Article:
Sunday, September 18, 2005

Michael: Post-Term Impeachments All Around!

Considering that many of the incompetent ideologues who have made such a hash of the Bush II Presidency are retreads from earlier conservative Administrations, we had best give some thought to preventing the worst bunglers from rising again like some awful neo-con revenants in any future GOP Presidency.

A few of those I would rather not see return, in no particular order: Wolfowitz, Bolton, Feith, Libby, Rove, Rice, Negroponte, Brown, Allbough, Tenet, Griles, Ashcroft, Mueller, Hadley, Chertoff, Boykins, Gonzales, Chao, Rumsfeld, Armitage, Bremer, Cheney, and, of course, Bush himself. I’ve undoubtedly forgotten to mention many who richly deserve impeachment. Heck, I would like to have most of them impeached. Age may take care of a few, but there are plenty of hale and hearty idiots who will colonize the think tanks and lobbying firms and then continue to plague the public sector, failing upwards in the inimitable GOP elite fashion, for years to come unless we do something about it.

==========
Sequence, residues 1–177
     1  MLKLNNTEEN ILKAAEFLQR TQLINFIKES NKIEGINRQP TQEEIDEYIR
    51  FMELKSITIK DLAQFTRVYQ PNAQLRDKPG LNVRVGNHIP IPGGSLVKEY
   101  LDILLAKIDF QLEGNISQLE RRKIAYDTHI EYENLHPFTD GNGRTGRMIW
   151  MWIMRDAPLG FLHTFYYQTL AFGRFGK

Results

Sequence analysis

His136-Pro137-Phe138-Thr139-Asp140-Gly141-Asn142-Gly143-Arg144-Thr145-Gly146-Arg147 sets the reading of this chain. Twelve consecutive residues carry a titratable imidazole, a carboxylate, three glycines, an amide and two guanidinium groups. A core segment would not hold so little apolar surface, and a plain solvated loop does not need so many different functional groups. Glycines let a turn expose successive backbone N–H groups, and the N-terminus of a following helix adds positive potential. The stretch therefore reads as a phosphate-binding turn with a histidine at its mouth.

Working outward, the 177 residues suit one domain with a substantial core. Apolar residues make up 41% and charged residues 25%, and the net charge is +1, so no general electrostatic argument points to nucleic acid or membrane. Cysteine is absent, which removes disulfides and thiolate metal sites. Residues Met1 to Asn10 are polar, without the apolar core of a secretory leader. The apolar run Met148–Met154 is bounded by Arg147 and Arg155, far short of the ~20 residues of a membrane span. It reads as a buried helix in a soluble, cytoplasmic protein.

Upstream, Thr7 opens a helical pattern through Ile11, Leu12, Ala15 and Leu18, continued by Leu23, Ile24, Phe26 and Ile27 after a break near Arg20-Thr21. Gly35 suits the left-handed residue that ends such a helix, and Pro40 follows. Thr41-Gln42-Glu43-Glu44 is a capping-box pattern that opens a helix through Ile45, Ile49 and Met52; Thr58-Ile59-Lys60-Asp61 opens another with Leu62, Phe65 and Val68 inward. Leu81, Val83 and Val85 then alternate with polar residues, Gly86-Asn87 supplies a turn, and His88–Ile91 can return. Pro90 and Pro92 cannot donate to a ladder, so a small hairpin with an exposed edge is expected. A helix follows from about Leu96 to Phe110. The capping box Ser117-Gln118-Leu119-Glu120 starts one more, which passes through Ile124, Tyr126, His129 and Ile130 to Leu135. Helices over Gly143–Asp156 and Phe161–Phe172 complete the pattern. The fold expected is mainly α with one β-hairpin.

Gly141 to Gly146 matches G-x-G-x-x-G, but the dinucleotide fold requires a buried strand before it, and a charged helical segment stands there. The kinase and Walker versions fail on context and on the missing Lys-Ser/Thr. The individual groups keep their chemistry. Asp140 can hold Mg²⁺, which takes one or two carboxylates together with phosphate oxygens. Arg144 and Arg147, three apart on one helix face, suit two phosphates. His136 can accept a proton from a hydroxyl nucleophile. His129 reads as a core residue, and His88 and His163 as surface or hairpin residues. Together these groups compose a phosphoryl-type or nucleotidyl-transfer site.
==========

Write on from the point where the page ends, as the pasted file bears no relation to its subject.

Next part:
I suggest that we consider post-term impeachments all around. Normally, people think of impeachment as a way to remove an official from office, but impeachment has the effect of preventing the impeached person from ever holding a position of trust, honor, or profit with the Federal government ever again. Thus impeachment, even after an official has left office, is useful in preventing travesties such as Admiral Poindexter’s or Dick Armitage’s rehabilitations.

There is clear consensus among legal scholars that although impeachment has yet to be used in this fashion in the United States it is Constitutional. The practice was, and continues to be used in England, from whence we drew the institution. The English practice is specifically limited in several particulars in our Constitution, but, significantly, not in regards post-term use. Finally, the Senate voted during impeachment proceedings against Secretary of War Belknap in 1876 that they had the power to proceed post-term after Secretary Belknap resigned.

Of course, Democrats would need majorities in the House and Senate to succeed. A Democratic rallying cry for the 2006 and 2008 Congressional races could be to post-term impeach key members of the failed Bush II Administration, thus protecting the government from their incompetence and venality in the future. This Administration is becoming unpopular enough that running against it, even as it is out-going in 2008, could net electoral benefits.

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